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The Alumni

No Mere Journalist: J. Anthony Lukas Reading Homer
Showing the Flag New HAA President
Leaders by Example Doing His Part
Now's Your Chance Managed Firefighters
Travelers' Aide Tour Entrepreneur
Yesterday's News

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Reading Homer

Think all cartoons are two dimensional? Tune in to The Simpsons, Fox's top-rated television series, and prepare to adjust your depth perception. While the story of the Simpson family--man of the house Homer, wife Marge, and children Bart, Lisa, and Maggie--may seem like a tale told by an idiot, it is full of sound allusions, many of them Ivy League.

In fact, you probably need a degree from Harvard to appreciate surreptitious references like the assorted Lampoon addresses that appear on everything: Bart and Lisa's elementary school (19 Plympton Street); the local Kwik-E-Mart (57 Mount Auburn Street); Dr. Nick Riviera's walk-in clinic (44 Bow Street); a fake driver's license issued to Homer's mother (also 44 Bow Street). And what about town historian Hollis Hurlbut--might he, too, be traced back to Harvard?

Yes, says Bill Oakley '88, coexecutive producer-turned-consultant to The Simpsons, and just one of the show's cadre of Lampoon alumni who have littered the 'toon town of Springfield with both Harvard graffiti and Yale-bashing incidents. Here's how it works: a roundtable of 14 merry pranksters--including, this past season, Oakley, David Cohen '88, Steve Tompkins '88, Daniel Greaney '86, J.D. '92, Daniel McGrath '86, Richard Appel '85, J.D. '88, Jonathan Collier '83, Ken Keeler '83, Ph.D. '90, and George Meyer '78--slaves over a hot script, sometimes peppering the product with Ivy League innuendos. Oakley himself sees to it that addresses appearing as 123 Main Street in the production stills are replaced by the coordinates of a certain castle located at the juncture of Bow, Plympton, and Mount Auburn Streets in Cambridge. That this practice has caused a single Springfield building to possess different addresses depending on the episode does not concern Oakley.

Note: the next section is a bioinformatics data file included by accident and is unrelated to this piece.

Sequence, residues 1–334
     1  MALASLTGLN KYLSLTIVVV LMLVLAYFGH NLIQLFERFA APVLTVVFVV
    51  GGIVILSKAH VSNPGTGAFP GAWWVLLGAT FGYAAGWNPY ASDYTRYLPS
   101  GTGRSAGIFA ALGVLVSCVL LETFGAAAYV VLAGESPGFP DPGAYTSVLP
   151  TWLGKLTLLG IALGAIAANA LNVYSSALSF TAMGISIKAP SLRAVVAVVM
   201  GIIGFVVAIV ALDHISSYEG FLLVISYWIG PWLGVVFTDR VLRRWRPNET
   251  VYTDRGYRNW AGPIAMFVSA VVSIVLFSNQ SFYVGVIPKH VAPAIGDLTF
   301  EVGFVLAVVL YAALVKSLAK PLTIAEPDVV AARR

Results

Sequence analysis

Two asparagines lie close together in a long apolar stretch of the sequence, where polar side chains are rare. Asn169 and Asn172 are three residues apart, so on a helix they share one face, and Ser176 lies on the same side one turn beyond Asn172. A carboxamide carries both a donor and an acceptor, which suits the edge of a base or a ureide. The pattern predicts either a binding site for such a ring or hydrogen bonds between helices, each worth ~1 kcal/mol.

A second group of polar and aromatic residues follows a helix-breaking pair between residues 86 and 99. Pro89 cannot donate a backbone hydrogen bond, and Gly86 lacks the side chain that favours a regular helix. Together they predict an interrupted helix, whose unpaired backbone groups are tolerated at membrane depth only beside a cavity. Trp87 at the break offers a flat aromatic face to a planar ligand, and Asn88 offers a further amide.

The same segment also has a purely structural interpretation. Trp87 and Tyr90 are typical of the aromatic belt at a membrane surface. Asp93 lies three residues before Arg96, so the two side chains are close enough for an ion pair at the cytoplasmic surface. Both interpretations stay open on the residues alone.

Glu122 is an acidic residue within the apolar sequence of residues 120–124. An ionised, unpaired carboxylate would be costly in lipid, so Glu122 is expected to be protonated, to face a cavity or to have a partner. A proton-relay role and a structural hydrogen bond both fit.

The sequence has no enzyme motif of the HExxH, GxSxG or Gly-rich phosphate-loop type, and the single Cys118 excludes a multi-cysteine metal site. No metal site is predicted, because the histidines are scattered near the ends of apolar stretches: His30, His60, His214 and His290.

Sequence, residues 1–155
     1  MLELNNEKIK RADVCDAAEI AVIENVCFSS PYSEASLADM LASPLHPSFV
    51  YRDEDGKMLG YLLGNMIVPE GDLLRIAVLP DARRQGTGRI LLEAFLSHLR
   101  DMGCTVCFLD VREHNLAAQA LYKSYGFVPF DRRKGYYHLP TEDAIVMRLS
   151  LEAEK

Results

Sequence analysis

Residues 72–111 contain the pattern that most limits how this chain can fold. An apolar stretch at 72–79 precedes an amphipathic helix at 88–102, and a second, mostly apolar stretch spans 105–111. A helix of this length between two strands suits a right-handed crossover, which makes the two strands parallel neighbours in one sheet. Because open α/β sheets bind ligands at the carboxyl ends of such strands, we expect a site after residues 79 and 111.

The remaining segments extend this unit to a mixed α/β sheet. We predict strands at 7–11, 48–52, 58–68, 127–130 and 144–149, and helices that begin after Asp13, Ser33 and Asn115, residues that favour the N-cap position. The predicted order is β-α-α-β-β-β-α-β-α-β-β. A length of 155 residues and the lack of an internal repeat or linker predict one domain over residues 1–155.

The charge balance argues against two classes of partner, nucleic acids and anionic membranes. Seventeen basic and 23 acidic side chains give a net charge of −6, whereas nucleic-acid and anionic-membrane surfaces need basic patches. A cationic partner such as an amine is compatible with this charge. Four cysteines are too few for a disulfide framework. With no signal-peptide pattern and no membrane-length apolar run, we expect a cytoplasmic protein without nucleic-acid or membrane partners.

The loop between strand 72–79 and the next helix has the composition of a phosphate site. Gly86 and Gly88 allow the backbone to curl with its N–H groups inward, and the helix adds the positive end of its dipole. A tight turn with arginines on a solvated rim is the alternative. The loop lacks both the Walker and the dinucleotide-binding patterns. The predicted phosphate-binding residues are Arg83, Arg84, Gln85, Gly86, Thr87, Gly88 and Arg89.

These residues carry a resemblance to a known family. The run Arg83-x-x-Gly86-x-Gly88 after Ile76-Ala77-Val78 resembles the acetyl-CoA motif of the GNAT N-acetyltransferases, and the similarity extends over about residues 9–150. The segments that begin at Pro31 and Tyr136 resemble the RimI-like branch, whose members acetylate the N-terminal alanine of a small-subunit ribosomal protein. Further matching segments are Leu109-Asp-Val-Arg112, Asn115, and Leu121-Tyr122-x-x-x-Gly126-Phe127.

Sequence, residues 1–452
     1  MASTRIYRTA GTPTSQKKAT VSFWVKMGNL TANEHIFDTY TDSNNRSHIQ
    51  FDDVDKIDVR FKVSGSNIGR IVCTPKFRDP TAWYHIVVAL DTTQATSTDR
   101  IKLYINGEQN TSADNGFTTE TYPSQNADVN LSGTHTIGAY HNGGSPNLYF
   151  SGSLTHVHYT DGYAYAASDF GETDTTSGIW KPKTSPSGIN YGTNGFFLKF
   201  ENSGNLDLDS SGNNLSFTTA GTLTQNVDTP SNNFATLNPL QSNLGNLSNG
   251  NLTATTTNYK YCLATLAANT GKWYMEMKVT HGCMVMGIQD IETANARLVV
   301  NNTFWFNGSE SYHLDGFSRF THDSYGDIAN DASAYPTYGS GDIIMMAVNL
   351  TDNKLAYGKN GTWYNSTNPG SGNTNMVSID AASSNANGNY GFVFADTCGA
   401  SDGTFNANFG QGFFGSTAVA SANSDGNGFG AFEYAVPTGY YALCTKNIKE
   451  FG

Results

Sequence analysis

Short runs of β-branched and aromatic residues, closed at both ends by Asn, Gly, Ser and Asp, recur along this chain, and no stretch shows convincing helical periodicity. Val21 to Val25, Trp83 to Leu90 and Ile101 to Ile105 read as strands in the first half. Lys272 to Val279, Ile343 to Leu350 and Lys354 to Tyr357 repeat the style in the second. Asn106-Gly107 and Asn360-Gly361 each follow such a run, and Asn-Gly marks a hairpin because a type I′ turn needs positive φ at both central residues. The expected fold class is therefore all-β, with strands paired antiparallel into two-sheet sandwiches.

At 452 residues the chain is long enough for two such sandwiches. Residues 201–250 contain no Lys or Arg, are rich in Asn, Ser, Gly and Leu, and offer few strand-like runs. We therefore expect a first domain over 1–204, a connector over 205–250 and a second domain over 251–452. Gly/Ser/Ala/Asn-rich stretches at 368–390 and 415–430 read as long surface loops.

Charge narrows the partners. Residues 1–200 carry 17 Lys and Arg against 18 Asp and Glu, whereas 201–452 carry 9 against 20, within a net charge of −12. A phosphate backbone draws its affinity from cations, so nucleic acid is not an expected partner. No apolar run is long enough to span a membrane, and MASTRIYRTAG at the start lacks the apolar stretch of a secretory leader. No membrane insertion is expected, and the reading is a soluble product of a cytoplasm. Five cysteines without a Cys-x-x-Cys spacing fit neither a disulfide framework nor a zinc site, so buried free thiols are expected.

"I'd say 99.999 percent of our viewers don't care about the relationship between Harvard and Yale," he concedes, so the inside jokes are limited to "once or twice a season." But the remaining .001 percent of us who round out the show's 8.4 million-household viewing audience each Sunday night can look forward to catching all the name-dropping and name-calling. During one episode, for example, Bart is handed a slip of paper with the suspiciously familiar 57 Mount Auburn Street address, where he finds his discarded mutt, Santa's Little Helper.

The mail-order collie Bart substituted for his own dog, meanwhile, has an unsettling resemblance to a Yalie: "Why that canine has the proud bearing and shiny fur coat of a Yale man!" observes the villainous Montgomery Burns. "I believe this dog was in Skull and Bones." Mr. Burns, whom Lisa Simpson and, tellingly, Bill Oakley have identified as "the worst man in the world," is the owner of Springfield's seeping nuclear power plant, a member of the Yale secret society, and, naturally, a Yale graduate--and football fan. "Honestly...I don't know why Harvard even bothers to show up," he says during a trip home from The Game. "They barely even won."

In another episode, we learn exactly what it takes to acquire the shiny fur coat of a Yale man when Mr. Burns attempts to "persuade" university officials to accept his underachieving illegitimate son, Larry. Says the Yale admissions officer, consulting his guidebook, "A [test] score of 400 would call for new football uniforms; 300, a new dormitory. And in Larry's case, we would need an international airport."

Writer Richard Appel (who carries on The Simpsons' Harvard tradition this season, along with Cohen, Greaney, and Meyer) credits the "almost silly and embarrassing" quality of the ancient Harvard-Yale rivalry itself for providing such a rich source of comedy. A former attorney, he expertly defends the show's Yale-bashing practices as "shorthand for making fun of an Ivy-League pompous type." Which is not to say he feels remorseful: "Personally, I never experienced a moral quandary about making fun of Yale...Even to say 'poking fun at Yale' and 'moral quandary' in the same sentence would be a stretch." Oakley also shrugs off any question of foul play: "We do it because it's fun."

In fairness to Yale, however, The Simpsons' creators have taken pains to see that Mr. Burns is not the show's only representative from New Haven. There is also the sociopathic Sideshow Bob, whose impressive résumé includes both a degree from Yale and a couple of convictions for attempted murder.

One could go on unearthing every Harvard-Yale subtext in The Simpsons but surely the more enlightened viewers have already detected them?


~ Mary Christ

Mary Christ '90 is an associate editor at Condé Nast Sports for Women magazine.

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